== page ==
2. Why the USA will win on Sunday

To begin, they hold higher rankings on the official ladder of golfing greatness, have won more major championships, and have more international-match caps (if only because they play one every year.) Team USA also has momentum, halving the 4-point deficit in one brace of matches, and being on the cusp of making it even closer. Justin Thomas is flat-out pissed (in the USA understanding of the term) about giving away a half-point. Winning zero holes on the inward half, and failing to tie one of the remaining five, did not leave a fine taste in the mouth of the young stalwart. Knowing his game, this will buoy him in his match with Cameron Smith. Dustin Johnson and Gary Woodland finally won a point outright, which should give them the confidence they need to claim matches on Sunday. Oh, and there’s the Captain-Tiger effect. They may not want to win FOR him, but they don’t want a plane ride home WITH him, but WITHOUT a certain goblet.

3. Damage control, Team USA

Where to start? Are these guys all-in for international matches? Is it possible to get up for this competition, after peaking for four majors, a handful of almost-majors, and a three-week, tour playoff? And then taking September through November off (for some of them)? Add in the discomfort that many have with the ground game, the firm game, the non-spin game, the bunkers-cut-into-greens game, the holes-cut-on-the-edge-of-disaster game. How about guys like Webb Simpson and Patrick Reed, who have not partnered well, yet inexplicably been paired 3 times? Both took Saturday afternoon off, and both need to count on Sunday, or the ROW is well on its way to snatching the trophy. Not far behind are Finau and Kuchar (two half-points each). Finau must be the best guy in the team room, the most unlucky competitor, or something else. He continues to get the nod as a Captain’s pick, over match-play stalwarts like Kevin Kisner and Kevin Na.

4. Damage Control, Team International

Start with Haotong Li and Adam Hadwin. One match for Li over 3 days and 4 rounds, and only 2 for Hadwin. Is either one injured? Off form? A bother to partner with? Seeing the ease with which Captain Els and staff shifted golfers in and out of pairings, the first glaring absence was Li, with the Canadian not far behind. Follow up with the aging trio of Scott, Leishman and Oosthuizen. The first two have played every match thus far, with Louis appearing in 3 of 4. They’re the spiritual spine of the team, but do they have the endurance to make it one last day? Finish it off with Joaquin Niemann. Why is he here? South American representation? Perhaps. Youth? Perhaps. Future of the team? Perhaps. He has one-half point in four matches, and has shown an erratic, unreliable game. His win in September on the PGA Tour seems more fluke than fate, but a day-four victory over Patrick Cantlay would be a massive salve on his wounds.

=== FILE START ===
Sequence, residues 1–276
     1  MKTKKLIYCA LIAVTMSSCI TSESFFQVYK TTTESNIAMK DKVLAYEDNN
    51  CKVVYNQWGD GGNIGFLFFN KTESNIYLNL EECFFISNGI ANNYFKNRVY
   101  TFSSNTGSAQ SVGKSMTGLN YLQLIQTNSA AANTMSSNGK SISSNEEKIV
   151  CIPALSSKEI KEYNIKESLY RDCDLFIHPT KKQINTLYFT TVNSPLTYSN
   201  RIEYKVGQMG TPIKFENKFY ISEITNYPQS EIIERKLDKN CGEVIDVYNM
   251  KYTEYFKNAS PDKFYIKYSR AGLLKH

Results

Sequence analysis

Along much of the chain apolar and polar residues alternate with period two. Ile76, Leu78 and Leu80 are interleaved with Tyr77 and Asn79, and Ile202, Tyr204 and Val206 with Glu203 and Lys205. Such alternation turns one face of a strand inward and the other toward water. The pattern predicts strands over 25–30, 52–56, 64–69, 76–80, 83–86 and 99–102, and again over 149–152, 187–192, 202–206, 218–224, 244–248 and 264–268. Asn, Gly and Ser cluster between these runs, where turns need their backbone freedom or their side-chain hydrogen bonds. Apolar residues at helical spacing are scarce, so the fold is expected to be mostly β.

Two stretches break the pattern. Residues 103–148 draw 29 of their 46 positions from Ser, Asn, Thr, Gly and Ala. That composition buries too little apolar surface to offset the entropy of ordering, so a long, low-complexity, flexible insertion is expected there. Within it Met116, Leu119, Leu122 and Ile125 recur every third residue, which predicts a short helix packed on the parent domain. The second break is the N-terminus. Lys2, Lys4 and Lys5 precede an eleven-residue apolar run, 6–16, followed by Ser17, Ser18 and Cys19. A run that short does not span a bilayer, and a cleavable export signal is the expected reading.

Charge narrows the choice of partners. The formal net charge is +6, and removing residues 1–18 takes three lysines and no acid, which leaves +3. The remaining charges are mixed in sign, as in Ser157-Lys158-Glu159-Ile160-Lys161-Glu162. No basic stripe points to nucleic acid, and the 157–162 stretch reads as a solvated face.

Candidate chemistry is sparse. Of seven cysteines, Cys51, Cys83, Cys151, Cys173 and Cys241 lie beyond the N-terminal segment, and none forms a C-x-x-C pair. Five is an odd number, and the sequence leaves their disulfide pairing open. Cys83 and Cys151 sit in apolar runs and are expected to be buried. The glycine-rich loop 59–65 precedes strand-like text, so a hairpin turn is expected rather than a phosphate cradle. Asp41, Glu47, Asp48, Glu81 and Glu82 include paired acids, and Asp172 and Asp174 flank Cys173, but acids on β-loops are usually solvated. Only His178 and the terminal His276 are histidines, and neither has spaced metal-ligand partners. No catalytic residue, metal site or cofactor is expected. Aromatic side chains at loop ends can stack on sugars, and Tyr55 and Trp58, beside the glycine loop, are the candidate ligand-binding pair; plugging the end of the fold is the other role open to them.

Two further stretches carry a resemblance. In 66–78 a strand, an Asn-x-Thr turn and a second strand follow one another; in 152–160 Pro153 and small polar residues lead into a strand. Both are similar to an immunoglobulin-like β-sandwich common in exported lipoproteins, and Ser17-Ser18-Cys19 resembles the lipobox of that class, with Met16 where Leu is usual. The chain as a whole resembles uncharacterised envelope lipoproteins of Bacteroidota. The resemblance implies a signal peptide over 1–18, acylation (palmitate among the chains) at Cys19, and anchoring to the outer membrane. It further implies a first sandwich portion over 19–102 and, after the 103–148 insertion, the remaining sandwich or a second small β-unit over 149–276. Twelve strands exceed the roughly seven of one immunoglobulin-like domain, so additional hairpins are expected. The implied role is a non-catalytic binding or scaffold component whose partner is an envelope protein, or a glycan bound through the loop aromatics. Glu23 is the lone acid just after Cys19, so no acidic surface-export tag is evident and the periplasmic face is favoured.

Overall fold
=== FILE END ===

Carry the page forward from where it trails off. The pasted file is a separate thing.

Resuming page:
5. The IF factors

So many “ifs” and so little ability to anticipate if they will turn out or not. Here’s a list of ten:

IF Tiger Woods or Abraham Ancer gets out to an early lead, in the day’s first (and most-anticipated) match, how will that impact the remaining 11 matches?

IF Haotong Li finds any semblance of the game that earned him a spot on the team. He’s out 4th, and a win over Dustin Johnson is certainly plausible.

IF Jason Day and Brooks Koepka were playing/not injured…

IF the weather isn’t as predicted (around 70 degrees, no rain, 10 mph winds), what impact will it have?

IF the USA can avoid shooting at flags, and work the ball into the hole using angles, splines and spines …

IF only the small ball still existed, and the ROW could use it to its advantage

IF the ghost of Peter Thomson returns to putt for the ROW

IF the entire ROW team wears yellow bucket hats on Sunday, in memory of Jarrod Lyle …

Now I’m getting misty. So much good about this game. Forget your usual, Saturday-evening celebrations. This Saturday Night Fever doesn’t involve young Travolta. It salutes the passing of one generation to the next, the opportunity to earn your stripes in international competition, and the opportunity to see an exquisitely-designed golf course, whose conditions are much easier to replicate for superintendents than, say, a certain fruit farm in Georgia. Sunday’s matches will be just like Royal Mel, brothers and sisters: fast and firm. Strap in and ride the coaster!